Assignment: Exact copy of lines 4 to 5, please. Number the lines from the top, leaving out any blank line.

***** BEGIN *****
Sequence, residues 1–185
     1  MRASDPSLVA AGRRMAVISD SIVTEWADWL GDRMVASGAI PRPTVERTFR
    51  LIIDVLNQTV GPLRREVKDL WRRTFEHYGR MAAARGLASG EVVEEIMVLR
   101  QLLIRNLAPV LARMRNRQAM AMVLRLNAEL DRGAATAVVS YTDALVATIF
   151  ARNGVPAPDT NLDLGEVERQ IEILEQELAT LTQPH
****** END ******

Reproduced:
   101  QLLIRNLAPV LARMRNRQAM AMVLRLNAEL DRGAATAVVS YTDALVATIF
   151  ARNGVPAPDT NLDLGEVERQ IEILEQELAT LTQPH